Whomever you select, make sure you get them credentialed (for billing purposes) right away and make sure all the background checks came back clean for everyone else.
2. Defining Urgent Care Staff Duties & Responsibilities
Your people that work at Reception must be great, too. Calm, cool, collected (the 3 Cs), no matter what walks in the door, and able to do preliminary triage by sight (of course). But they also need to show human interest and treat the more conventional walk-ins like they matter. They need to smile, show interest, provide accurate wait times (“just a few minutes” is a forbidden phrase) and give patients today’s password for the free Wi-Fi.
Your X-ray or MRI technicians need to be unfailingly supportive and considerate. Your phlebotomist needs to know how to deal properly with children.
Even your maintenance/janitorial crew needs to be great. They interact with people periodically, but even when they don’t, they’re making the visit to your facility reassuring by keeping it spotless, so that it looks (and actually is) sanitary and clean. They can’t skip mopping behind the potted plant or under the radiator because everybody in the reception room that is sitting down can see the accumulated dust.
3. Well-planned Work Schedules
Everybody should know their work schedule a month or two in advance. Weekends are not “voluntary”. The phrase “The schedule is The Schedule” should be written in stone somewhere. Trading days might be permitted, but all such changes need to be authorized by management. Coverage of the UCC’s needs comes ahead of staff convenience.
4. Be Disciplined with Your Urgent Care Staff
In the medical profession there are strict state and federal requirements. To reduce your exposure to malpractice risk make each employee responsible for assuring that their paperwork is in compliance. If duties aren’t outlined clearly the staff cannot be expected to reach full compliance, so it’s important to have crystal clear job descriptions, and hold employees to a high standard.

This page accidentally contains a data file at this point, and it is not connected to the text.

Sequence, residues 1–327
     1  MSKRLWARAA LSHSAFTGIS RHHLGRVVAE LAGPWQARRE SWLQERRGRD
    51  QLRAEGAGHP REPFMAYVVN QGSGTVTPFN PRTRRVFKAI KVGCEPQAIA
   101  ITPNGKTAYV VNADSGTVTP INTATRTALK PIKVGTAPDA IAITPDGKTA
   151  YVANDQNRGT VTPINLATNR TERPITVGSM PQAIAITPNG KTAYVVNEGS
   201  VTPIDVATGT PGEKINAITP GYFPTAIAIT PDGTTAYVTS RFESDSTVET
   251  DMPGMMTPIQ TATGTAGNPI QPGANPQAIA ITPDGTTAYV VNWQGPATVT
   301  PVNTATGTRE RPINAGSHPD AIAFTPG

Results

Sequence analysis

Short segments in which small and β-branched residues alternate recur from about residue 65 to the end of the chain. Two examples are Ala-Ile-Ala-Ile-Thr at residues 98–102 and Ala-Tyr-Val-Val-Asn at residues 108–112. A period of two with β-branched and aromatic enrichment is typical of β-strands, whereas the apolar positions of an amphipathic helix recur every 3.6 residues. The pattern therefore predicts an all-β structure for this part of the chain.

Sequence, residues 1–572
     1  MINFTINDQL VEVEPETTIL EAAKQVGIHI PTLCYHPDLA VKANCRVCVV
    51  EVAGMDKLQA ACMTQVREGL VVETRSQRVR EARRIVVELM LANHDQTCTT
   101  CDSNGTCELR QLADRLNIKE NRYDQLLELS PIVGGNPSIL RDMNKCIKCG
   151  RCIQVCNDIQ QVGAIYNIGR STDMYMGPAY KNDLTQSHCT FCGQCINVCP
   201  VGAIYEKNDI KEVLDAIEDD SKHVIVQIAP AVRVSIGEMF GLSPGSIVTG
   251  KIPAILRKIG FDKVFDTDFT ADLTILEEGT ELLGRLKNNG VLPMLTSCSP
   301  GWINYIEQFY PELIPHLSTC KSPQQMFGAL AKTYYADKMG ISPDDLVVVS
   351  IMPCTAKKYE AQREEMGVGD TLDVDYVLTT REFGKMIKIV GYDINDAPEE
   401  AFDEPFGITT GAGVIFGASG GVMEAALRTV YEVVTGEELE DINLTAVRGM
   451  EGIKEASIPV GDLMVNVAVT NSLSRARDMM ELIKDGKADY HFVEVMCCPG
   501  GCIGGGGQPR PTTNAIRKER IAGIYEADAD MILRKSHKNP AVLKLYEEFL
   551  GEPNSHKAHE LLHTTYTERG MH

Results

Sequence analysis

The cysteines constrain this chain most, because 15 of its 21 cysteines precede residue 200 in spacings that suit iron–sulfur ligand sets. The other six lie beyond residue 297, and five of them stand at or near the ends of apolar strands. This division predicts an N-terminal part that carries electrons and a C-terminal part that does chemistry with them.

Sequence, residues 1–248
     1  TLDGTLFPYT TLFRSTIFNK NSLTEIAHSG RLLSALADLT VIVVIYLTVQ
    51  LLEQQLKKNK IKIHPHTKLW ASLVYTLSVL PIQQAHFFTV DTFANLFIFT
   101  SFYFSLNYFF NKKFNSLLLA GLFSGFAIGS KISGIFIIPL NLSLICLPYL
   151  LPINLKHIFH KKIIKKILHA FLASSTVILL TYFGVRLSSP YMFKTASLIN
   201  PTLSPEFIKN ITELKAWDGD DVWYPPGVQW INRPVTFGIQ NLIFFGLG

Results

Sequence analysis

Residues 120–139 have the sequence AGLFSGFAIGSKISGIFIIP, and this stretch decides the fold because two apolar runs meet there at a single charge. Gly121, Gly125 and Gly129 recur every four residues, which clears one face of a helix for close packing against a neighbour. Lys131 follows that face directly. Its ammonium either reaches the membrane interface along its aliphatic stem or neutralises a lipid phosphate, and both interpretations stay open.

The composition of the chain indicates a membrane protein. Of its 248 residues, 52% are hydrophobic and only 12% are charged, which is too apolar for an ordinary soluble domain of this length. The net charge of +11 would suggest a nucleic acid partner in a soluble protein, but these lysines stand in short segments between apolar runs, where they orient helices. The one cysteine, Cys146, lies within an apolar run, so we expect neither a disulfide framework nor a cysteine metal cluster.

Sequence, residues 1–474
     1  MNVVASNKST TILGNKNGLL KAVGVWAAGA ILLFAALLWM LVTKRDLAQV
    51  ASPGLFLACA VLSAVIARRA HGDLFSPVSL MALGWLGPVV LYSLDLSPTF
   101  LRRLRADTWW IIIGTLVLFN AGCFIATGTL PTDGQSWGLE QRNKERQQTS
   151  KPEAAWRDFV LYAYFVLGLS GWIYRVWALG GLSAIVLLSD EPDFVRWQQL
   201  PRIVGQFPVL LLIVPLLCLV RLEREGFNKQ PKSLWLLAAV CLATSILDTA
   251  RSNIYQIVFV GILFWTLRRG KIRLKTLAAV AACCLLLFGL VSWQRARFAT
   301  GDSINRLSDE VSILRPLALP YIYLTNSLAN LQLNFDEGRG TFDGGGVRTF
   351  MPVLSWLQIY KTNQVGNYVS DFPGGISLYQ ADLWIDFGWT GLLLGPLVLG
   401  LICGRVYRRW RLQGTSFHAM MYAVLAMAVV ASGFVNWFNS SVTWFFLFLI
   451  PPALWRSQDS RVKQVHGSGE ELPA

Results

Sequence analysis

It is illogical to keep a staff member who can’t reach compliance, because of the financial exposure for the clinic. Confine them to do duties they can manage until you can train them or replace them. Anything else simply isn’t worth the risk.
5. Watch Out for Burn-out
Just make sure everybody gets sufficient downtime. Once you’ve collected your premium staff you don’t want to burn them out. Part time staff can play a significant role in this area.
If you appreciate your staff, that will be reflected in their work. If you care about them, they’ll care about your patients. Give them credit when they come up with a good idea; reward them for innovation. Offer them opportunities for training or promotions.
If you provide a happy, light, rewarding work environment 90% of the time, that will make it so much easier to cope during an unpleasant time due to a highly demanding situation. Your employees will finish their shift saying “Wow, I hope we don’t have another day like that soon!”, but they’ll be prepared and optimistic about coming back to work the next day.
Your employees, all of them, from top to bottom, are your business. The way you interact with them is a direct reflection of how they interact with your customers, and that is a direct reflection of how your clients will perceive your clinic.
93% of front desk staff recommends Solv. Why? Because through online check-in and digital insurance, your team gets time back. By giving your team direct feedback and access to the upcoming day’s schedule, they can be the hero and feel ownership in their role. And lastly, Solv is so easy to use that teams are empowered to use it and share it!